As many photographers feverishly work to gain followers and likes on social media, another photographer has quietly been walking and photographing a series of trails. Bart Smith has quietly walked and photographed the entire U.S. National Scenic Trail system and U.S. National Historic Trail system. That’s 11 National Scenic Trails and 19 National Historic Trails and that translates into 35,000 miles/56,327 km of walking and photographing. To put that into perspective, most people haven’t even flown that many miles. Bart is the first person to walk all these National Scenic Trails and National Historic Trails.

 Articles on Bart have appeared in many publications, from Backpacker Magazine to The Seattle Times, to international news sources like The Guardian. He currently has 8 published books and contributed to 10 others, with 2 more coming out this September. One will be on the National Historic Trail system and the other on Trails of the Pacific Northwest.

 I initially met Bart in the 90s when he was working on his first book on the Pacific Crest Trail, and again a bit later after he finished that project. We sat down recently for a talk and this is what I learned.

 How did you get into photography in the first place?

My dad was an amateur photographer, so I grew up around photography, and my mom’s best friend was Galen Rowell’s mother, so I was always looking at his photographs and they inspired me. After spending time as a construction worker, I eventually picked up photography full-time. Since then I’ve been spending about 8 months a year photographing on the trails.

 For me long-distance hiking and photography are mutually exclusive, how do you do it?

I was fortunate and lucky, and my wife’s been extremely supportive. On the trail, I sometimes stop and camp in some of those special places to make sure I get good light on the scene. Some places I would need to return to and photograph at another time, which was easier to do along the National Historic Trails. Along the historic trails, I would need to photograph some of the historic buildings along the way. For the Santa Fe National Historic Trail, Fort Union was 8 miles off trail, but I had to photograph it. So that’s walking 8 miles there and 8 miles back to make sure I had the image.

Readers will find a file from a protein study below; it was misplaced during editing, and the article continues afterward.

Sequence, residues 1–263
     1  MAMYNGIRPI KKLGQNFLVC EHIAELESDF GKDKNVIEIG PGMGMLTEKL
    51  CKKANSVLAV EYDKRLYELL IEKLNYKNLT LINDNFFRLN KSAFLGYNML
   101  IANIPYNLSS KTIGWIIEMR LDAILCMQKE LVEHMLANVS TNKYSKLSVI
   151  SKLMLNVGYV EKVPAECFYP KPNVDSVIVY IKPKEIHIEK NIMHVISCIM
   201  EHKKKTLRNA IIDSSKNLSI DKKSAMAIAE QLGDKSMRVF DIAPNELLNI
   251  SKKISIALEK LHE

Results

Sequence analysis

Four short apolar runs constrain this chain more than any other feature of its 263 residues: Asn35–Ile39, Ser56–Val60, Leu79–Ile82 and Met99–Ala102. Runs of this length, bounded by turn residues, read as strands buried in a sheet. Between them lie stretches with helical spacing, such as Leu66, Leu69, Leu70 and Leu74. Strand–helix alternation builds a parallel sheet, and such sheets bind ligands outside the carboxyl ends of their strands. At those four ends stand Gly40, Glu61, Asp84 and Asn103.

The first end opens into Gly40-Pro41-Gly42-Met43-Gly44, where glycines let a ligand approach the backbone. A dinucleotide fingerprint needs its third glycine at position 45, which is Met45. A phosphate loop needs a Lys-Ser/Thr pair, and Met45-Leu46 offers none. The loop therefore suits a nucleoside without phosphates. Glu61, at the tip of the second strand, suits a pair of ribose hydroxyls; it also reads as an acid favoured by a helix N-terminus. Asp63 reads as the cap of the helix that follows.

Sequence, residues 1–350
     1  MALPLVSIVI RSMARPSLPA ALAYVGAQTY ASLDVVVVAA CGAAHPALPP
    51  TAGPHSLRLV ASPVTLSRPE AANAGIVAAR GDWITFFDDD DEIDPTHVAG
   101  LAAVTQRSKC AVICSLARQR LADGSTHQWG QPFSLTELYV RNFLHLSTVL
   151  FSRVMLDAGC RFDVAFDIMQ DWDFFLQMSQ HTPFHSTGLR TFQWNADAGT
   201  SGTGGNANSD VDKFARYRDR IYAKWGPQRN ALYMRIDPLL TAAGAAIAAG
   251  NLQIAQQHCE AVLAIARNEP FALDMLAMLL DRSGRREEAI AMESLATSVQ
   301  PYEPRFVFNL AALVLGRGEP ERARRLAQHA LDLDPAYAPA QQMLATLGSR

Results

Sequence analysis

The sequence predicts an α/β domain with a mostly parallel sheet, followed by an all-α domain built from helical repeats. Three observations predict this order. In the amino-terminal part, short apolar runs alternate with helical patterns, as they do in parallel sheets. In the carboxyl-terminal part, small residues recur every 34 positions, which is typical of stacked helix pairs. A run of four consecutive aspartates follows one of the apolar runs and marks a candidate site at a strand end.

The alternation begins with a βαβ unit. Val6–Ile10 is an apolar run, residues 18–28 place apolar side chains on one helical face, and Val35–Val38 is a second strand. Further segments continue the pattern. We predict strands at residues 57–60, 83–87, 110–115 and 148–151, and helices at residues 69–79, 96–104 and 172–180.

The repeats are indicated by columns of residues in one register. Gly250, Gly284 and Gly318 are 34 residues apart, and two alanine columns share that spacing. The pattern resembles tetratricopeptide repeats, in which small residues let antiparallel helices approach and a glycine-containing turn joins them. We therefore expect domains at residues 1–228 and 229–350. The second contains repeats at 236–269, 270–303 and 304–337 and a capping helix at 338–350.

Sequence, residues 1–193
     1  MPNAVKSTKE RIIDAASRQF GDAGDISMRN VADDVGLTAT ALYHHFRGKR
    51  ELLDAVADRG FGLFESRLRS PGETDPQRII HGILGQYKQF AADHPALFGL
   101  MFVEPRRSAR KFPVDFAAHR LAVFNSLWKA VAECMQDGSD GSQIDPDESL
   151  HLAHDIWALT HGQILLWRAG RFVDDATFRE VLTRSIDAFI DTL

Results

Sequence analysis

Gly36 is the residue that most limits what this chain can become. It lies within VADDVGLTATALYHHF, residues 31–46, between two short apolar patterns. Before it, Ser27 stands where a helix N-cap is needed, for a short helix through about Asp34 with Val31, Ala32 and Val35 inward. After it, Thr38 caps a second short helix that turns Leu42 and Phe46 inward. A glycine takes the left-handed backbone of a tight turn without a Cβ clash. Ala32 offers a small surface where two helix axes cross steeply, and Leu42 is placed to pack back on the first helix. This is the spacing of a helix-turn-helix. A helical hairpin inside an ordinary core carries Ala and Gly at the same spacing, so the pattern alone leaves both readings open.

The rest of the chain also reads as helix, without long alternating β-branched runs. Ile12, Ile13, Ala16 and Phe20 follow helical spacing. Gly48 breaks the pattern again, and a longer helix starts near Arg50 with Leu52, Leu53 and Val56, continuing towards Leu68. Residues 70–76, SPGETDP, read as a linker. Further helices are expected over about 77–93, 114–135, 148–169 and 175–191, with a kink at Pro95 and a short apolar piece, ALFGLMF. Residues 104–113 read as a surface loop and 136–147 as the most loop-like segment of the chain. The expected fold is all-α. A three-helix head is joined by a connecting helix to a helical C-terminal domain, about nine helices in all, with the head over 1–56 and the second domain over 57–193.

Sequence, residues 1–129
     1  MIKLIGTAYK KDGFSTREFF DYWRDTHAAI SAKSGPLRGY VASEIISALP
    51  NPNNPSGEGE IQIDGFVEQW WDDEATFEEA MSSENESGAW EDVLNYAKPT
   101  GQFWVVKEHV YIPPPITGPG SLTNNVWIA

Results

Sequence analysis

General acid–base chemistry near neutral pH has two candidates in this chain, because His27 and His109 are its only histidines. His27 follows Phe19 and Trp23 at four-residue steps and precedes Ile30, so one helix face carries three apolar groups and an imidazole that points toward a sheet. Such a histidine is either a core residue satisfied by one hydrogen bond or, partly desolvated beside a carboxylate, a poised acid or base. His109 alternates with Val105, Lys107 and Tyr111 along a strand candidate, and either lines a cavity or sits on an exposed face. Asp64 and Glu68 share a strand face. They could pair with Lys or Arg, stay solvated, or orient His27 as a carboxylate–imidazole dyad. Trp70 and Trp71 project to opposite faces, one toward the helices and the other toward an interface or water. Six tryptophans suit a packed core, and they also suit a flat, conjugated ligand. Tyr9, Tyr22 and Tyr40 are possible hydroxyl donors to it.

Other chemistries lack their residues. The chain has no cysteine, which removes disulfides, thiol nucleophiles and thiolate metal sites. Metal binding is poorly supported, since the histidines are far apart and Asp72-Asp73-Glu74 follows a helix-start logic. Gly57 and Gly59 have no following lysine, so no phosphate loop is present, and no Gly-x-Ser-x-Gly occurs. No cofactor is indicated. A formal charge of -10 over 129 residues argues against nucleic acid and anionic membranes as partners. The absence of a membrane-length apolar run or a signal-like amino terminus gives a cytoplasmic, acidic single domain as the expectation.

I remember you using a large format camera when you were working on your first book, do you still use that?

No, that camera was stolen. I shoot with a digital SLR these days.

Have you moved to a mirrorless camera to save weight?

Not yet.

Tell me a little bit about walking and photographing the National Historic Trail System, is it difficult?

Some parts are because they cross a lot of private property, like along the Nez Perce (Nee-Me-Poo) National Historic Trail. But there I called all the ranchers and they all said I could cross their land if I would be respectful of it. The National Historic Trails also don’t honor the best parts of American history either, like The Trail of Tears, they sometimes showcase our worst moments. That trail was a bit spooky too. I thought I was walking past abandoned houses, but then I would see a hand pull back the drapes a bit – and that’s creepy. If you’re driving along a National Historic Trail, you don’t think twice about crossing a river on a bridge, but for settlers moving west along the Oregon Trail a river could be debilitating.

After all those miles walked, what was your best day photographing along the trail?

I had been walking for many miles through flat terrain, but in the distance I could see Courthouse Rock, so I camped near there that day between it and Jail Rock. That night, there were some cool clouds that moved in and this squall line dropped down right behind Courthouse Rock. Clouds were moving, the moon came out, there was lightning, and by the next morning puffy clouds were everywhere at sunrise – it was beautiful.

Another time was along the Selma to Montgomery National Historic Trail, which is the shortest of the trails at 54 miles. I was able to view and photograph all these people walking over it on the 50th anniversary commemorating that famous walk.

Have you ever heard of QT Luong who photographed all the U.S. National Parks and put out the book Treasured Lands? He reminds me of you because you’re the guy photographing all our National Trails.

I have, and I saw him on that Ken Burns documentary on National Parks. I still need to pick up his book.

What is your favorite National Scenic Trail?

The Pacific Crest Trail. There is an environment you can sink your teeth into and it tells a linear story.

What is your favorite National Historic Trail?

The Oregon Trail. There’s just so much history along it.

What was your scariest time on the trail?

I was walking the Washington-Rochambeau Revolutionary Route, but part of it is now a highway. There is no shoulder and I’m pushing my baby buggy of hiking and camera gear as fast as I can before getting to a shoulder in the road. I didn’t want to get hit, and I didn’t want to create an accident either.

What do you like about photographing for these trail books?

Doing the books motivates me to get on the trail. Also, doing these books forces you to photograph different things. I enjoy that aspect of it.

What’s your trail name?

Infinite Dust, I’ve had a lot over the years, but I’m sticking with that one.

Infinite Dust posing after setting the self timer on the camera affixed to a tripod in a culvert where I stopped for a shaded lunch on another hot day along Oregon trail through Wyoming. Near Simpsons Hollow.

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